A bright teal background on a print with exaggerated white figures of guts and eyeballs. The words pinot noir are features in bubble letters in the center in yellow, white, and red
©Ralph Roether, Pinot Noir, print, 2022; Photo provided by Ralph Roether

SP: You’re doing work now for the University of Illinois as well as your own freelance work, is that right?

Roether: That’s right. I did some graphic design for the Champaign Park District. And then got a job at the Illini Union back in 2017 in graphic design and marketing and that’s where I work now, as a graphic designer. I’ve done some recent work as well with the Krannert Center for Performing Arts. And, of course, I’ve worked with the Ebertfest folks and did this year’s Ebertfest 25 design. 

SP: How do you make time for your own drawing and painting?

Roether: That’s tough. But I’ve been getting back to it a lot more. What changed my art more recently for me was Pour Bros. opening up. I got to see the place and started going there more. I just started doodling on napkins. Then Jason (Fowler) wanted to sponsor some art for the Boneyard Festival. He let me put some of my art up there and since about 2019, I’ve had art on display and for sale there. I’d sketch out on a napkin and then print some of those designs on canvas. Anybody now can just go in and buy some of my art. It’s been such a great partnership. I sell my cards there and everything. Then I started doing some marketing for Pour Bros. I’ve done some work for their other locations in Moline and Bloomington and the original Pour Bros. in Peoria Heights. We have a synergy and it’s been such a great relationship. 

A red and gold abstract of exaggerated human figures with red highlights around their facial features. In the center, it reads End of 2023/Fine.
©Ralph Roether, Will It End, print, 2023; Photo provided by Ralph Roether

SP: I’ll be asking everyone this question, which comes straight out of my favorite scene in The Commitments: who are your influences?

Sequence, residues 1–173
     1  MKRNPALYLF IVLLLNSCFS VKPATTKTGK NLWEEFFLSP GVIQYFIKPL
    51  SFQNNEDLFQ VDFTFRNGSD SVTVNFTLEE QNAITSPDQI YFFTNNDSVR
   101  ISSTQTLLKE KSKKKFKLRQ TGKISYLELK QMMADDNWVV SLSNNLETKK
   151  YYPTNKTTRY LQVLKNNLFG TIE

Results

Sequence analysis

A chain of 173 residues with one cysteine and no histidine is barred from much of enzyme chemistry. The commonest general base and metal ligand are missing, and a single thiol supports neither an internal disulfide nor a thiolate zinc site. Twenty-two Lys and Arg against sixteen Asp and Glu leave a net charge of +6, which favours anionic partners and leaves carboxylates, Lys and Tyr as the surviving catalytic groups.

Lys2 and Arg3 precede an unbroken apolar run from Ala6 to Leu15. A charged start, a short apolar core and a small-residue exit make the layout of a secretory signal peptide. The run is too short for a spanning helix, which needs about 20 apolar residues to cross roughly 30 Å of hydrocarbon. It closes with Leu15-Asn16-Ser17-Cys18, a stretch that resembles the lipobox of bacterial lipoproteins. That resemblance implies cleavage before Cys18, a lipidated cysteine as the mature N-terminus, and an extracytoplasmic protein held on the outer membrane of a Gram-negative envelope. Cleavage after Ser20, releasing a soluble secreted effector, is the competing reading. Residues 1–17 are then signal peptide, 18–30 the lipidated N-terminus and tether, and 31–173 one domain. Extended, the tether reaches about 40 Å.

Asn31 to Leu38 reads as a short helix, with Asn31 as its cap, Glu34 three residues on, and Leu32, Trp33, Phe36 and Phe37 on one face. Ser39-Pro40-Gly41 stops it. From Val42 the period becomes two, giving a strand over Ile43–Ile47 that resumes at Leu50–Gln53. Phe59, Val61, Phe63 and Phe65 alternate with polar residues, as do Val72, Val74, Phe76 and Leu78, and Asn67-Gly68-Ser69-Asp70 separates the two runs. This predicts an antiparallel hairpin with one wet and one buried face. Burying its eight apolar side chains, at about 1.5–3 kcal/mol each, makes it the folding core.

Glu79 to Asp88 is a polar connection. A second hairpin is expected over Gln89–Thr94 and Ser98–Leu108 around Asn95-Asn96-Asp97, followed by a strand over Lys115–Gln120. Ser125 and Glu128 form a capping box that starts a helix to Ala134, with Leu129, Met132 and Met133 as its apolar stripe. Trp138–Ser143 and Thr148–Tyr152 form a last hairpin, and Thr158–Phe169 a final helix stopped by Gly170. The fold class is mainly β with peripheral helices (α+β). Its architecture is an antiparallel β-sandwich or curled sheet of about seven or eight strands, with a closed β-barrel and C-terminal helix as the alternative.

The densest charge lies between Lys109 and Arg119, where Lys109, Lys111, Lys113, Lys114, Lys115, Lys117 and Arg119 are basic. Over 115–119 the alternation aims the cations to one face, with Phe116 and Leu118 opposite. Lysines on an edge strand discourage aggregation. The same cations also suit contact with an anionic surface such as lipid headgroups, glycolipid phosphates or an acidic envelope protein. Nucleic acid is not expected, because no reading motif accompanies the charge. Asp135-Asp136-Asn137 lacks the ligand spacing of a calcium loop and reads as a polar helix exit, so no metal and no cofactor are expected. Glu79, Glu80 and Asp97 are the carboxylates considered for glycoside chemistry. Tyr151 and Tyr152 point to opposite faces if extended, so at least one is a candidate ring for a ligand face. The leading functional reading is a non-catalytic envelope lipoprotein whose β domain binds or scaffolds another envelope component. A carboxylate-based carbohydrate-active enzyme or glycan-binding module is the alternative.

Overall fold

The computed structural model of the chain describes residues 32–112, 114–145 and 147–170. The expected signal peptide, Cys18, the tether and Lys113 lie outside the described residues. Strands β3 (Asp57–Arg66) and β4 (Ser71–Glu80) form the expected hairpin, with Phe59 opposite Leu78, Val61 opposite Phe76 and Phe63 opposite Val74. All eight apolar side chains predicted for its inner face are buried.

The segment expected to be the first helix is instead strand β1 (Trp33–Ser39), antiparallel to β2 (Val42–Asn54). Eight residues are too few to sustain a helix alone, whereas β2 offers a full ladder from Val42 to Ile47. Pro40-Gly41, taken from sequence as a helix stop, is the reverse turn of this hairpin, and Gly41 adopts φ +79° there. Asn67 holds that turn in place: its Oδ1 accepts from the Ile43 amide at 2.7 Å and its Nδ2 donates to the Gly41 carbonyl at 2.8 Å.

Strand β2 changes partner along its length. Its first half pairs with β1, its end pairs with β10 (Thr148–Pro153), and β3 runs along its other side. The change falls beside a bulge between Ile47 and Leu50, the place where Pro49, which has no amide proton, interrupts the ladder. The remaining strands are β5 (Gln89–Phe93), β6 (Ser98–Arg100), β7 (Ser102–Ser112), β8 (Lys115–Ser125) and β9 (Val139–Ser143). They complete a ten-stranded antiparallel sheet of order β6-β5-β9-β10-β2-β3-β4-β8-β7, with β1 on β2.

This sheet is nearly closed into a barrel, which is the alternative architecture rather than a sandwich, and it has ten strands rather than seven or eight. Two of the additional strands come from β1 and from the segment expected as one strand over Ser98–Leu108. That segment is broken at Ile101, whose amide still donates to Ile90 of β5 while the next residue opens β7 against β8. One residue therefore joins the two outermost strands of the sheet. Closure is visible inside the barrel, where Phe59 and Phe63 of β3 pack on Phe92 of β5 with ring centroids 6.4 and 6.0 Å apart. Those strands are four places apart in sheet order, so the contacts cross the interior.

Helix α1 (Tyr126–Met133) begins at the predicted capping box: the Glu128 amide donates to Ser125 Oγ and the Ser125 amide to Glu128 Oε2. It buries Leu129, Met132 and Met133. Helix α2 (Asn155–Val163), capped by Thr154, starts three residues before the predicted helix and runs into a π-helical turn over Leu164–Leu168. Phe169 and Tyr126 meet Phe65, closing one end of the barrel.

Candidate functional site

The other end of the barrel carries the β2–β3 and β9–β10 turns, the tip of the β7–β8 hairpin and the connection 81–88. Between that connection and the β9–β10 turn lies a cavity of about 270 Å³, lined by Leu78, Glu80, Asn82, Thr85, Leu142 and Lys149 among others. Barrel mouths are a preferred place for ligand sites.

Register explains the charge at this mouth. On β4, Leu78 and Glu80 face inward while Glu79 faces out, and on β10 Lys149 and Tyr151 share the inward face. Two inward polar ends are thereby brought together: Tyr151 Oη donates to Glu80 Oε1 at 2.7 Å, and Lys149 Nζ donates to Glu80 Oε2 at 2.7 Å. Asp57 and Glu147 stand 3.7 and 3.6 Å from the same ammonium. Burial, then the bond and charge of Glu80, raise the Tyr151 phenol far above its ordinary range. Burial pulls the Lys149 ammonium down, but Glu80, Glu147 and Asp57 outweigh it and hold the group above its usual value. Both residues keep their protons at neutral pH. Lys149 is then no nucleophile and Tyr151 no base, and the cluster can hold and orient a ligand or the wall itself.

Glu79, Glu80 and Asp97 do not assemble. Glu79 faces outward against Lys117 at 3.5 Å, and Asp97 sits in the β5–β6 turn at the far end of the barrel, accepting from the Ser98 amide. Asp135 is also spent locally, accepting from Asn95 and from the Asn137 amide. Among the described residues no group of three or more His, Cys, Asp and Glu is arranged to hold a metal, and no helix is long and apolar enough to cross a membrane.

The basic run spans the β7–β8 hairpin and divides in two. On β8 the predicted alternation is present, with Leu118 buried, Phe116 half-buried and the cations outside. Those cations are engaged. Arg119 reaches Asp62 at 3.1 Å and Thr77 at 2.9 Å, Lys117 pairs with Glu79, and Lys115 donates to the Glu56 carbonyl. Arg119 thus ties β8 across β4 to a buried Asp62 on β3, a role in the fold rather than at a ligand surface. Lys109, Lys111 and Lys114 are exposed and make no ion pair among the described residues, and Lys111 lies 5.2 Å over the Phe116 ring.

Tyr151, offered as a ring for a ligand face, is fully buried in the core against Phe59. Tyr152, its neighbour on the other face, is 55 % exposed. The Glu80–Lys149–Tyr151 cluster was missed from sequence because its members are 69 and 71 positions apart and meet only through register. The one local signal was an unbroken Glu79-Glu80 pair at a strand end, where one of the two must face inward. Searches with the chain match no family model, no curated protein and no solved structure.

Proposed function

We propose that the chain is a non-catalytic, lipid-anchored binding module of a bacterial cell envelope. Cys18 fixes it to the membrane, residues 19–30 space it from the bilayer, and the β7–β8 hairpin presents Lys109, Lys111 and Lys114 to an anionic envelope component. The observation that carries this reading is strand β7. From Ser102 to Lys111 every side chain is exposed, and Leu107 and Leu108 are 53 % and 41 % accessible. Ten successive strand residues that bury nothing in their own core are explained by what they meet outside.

Roether: As you can see in my work, some are pretty obvious. R(obert) Crumb. Keith Haring. Ralph Bakshi. John Kricfalusi who did Ren and Stimpy. And I love Wayne White’s work. There’s this amazing documentary about him, Beauty is Embarrassing (2012). His whole ethos is inspirational. He worked on Pee-wee’s Playhouse, did Liquid Television on MTV. Got a bit burned out but then remade himself by reworking these old landscapes he found at thrift stores and yard sales. He transforms them and it totally revived him and his career.

SP: What keeps you inspired now?

Roether: It’s all still fun for me. Wayne White and that documentary truly inspired me so much. Just his sense of humor and the idea that art should be fucking fun and not just tucked away in stuffy museums. That was liberating for me even though it’s such a simple concept. I don’t do art for anybody else. I do it for me. If you’re offended by my art, that’s ok. I know it’s not for everyone. I didn’t do it for you. It’s for me. If you’re offended, that’s ok. It’s not going to change me. 

SP: What is your advice for up and coming artists or for students who want to explore a career in the arts? 

Roether: If you want to work as an artist anywhere you have to get your work out to the public. It is good to have some kind of online presence but more importantly making connections with other artists, businesses, and other community members face-to-face is key. Participate in local arts and culture events like our Boneyard Arts Festival, the Crystal Lake Art Fair, or PostMark Urbana just to name a few. Find out more about organizations like 40 North, Champaign County Arts Council, and the Urbana Arts Council. Organizations like that. 40 North is a great resource to get an artist involved in our vibrant community. You can also go door-to-door to local businesses and see if they have any interest in displaying art. You might be surprised. The most important thing is to get involved with the community, whether it be the arts council, the park districts, local bars, or other businesses. The relationship I developed with Jason at Pour Bros. is a great example. They are a huge supporter of the arts. I have had a permanent rotating gallery of my work there for over five years now. Work hard and build relationships. Look for inspiration everywhere.

Arts Editor